Was Roald Dahl really a spy? That’s the question this book attempts to answer. Most of us know Mr. Dahl as the author of children’s books (James and the Giant Peach, Charlie and the Chocolate Factory, etc.) but after he was injured in a crash as a fighter pilot in World War II he was sent to Washington to complete his recuperation. There he immediately swept into the swirl of social activities with his bon vivant attitude. Though the British spy network that was operating in Washington (to the immense displeasure of J. Edgar Hoover) didn’t want to integrate Mr. Dahl into its fold they realized that his cachet with the political crowd and their backers could be invaluable in getting a sense of where the US was heading relative to Britain’s desperate need of an ally in the war against Nazism.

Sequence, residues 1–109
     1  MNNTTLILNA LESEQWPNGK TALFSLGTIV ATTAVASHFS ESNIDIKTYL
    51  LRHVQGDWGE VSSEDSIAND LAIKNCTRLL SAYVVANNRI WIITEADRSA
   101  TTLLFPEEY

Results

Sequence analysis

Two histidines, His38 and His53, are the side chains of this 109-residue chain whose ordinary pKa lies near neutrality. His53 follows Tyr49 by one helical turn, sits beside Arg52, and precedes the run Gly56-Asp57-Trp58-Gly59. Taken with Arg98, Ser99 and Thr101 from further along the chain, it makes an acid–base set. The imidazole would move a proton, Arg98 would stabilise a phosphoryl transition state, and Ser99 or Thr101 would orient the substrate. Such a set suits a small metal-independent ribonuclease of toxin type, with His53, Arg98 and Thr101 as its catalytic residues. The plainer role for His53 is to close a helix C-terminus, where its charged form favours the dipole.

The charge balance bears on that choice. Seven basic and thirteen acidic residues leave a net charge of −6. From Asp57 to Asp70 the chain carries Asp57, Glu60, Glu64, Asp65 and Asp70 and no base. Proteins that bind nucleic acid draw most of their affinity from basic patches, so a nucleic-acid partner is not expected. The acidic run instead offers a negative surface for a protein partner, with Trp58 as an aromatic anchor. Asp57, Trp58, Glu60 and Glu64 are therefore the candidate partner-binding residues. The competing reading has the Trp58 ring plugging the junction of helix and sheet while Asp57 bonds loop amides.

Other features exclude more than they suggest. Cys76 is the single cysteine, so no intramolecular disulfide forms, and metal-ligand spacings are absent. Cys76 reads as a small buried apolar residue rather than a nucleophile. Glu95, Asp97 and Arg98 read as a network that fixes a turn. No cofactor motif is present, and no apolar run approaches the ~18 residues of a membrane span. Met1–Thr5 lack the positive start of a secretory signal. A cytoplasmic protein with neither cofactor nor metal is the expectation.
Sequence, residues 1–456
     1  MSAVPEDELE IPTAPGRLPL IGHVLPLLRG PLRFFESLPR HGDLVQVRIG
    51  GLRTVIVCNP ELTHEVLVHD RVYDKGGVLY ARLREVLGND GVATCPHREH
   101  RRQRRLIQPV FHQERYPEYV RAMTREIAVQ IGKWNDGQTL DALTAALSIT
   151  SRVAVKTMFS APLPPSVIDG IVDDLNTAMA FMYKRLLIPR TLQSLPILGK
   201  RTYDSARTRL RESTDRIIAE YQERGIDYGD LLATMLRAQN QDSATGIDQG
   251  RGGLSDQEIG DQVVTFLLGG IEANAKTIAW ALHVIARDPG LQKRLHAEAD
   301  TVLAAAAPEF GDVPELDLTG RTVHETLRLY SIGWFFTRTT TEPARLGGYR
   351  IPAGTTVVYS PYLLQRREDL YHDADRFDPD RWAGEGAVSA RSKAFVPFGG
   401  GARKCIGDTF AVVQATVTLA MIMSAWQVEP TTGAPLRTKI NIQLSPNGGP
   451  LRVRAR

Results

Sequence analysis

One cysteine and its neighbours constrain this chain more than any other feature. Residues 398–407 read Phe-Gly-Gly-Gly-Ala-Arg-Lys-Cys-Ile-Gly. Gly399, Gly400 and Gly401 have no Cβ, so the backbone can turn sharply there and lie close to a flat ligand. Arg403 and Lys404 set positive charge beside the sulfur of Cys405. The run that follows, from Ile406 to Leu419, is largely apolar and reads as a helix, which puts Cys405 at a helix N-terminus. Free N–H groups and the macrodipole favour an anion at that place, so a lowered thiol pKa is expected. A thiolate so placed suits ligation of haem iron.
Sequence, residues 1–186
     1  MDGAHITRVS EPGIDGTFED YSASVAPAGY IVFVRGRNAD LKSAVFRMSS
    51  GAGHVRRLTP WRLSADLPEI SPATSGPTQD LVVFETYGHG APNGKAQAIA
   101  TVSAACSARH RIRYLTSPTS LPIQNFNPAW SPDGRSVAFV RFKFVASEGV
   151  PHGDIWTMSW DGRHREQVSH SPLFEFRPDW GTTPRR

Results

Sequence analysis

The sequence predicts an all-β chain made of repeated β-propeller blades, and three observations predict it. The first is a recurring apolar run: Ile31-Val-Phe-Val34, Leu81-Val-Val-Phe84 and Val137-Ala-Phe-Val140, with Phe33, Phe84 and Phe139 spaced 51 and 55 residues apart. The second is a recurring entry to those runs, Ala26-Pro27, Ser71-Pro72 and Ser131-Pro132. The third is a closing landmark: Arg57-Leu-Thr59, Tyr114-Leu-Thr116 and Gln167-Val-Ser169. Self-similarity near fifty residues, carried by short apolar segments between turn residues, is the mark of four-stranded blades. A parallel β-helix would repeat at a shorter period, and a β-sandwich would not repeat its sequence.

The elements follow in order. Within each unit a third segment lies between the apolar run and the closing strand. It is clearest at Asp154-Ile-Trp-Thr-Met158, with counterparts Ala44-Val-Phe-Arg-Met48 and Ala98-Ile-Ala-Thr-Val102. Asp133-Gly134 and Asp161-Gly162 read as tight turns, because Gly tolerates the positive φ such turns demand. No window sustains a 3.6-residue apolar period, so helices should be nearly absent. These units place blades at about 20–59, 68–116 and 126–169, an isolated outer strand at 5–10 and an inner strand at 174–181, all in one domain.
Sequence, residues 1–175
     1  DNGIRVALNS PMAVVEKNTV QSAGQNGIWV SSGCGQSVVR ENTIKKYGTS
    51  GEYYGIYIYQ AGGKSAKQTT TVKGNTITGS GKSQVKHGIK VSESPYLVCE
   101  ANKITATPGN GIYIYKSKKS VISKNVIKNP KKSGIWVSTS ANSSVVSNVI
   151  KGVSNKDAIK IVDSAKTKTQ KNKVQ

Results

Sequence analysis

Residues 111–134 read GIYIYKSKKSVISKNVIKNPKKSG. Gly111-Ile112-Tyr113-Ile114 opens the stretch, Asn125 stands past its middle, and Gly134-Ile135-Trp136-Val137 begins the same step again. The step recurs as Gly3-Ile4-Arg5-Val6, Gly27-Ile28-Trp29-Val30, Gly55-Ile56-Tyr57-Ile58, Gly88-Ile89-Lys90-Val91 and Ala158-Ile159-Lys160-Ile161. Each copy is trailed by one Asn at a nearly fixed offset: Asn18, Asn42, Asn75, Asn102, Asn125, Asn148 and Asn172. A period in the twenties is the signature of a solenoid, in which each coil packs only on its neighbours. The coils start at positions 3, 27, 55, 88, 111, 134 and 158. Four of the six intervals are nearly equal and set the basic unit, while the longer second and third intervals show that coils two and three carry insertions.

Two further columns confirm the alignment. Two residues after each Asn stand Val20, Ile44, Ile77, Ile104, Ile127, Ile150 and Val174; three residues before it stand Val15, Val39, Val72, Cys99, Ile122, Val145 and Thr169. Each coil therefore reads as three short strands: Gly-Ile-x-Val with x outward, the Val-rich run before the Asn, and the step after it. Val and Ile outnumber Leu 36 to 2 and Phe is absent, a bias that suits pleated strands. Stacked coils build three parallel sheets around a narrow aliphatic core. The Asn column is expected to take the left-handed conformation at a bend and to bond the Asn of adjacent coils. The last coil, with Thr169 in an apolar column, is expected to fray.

The upshot of his social arrangements was that he became virtually the protégé of Mr. Marsh, a Texas king maker who was very wealthy. As Dahl continued to extract gossipy pillow talk he also found that his circle of political friends grew to include Mr. and Mrs. Roosevelt as well as an up and coming politician from Texas, Lyndon Johnson.
As Dahl dealt with the peccadilloes of representatives and senators he also began to write—short stories that were based on both the factual experienced he’d had as a pilot and his imagination as to what made them more interesting. C.S. Forester (of Horatio Hornblower fame) read one of Dahl’s stories and was impressed enough to recommend the story to a magazine that published it. After that Dahl continued to write more war stories as he was continuing to glean bits and pieces of political gossip.
During the ensuing years, Dahl married Patricia Neal, had children with her and then after her stroke and semi-recovery decided to abandon her for a younger woman (this after 30 years of marriage).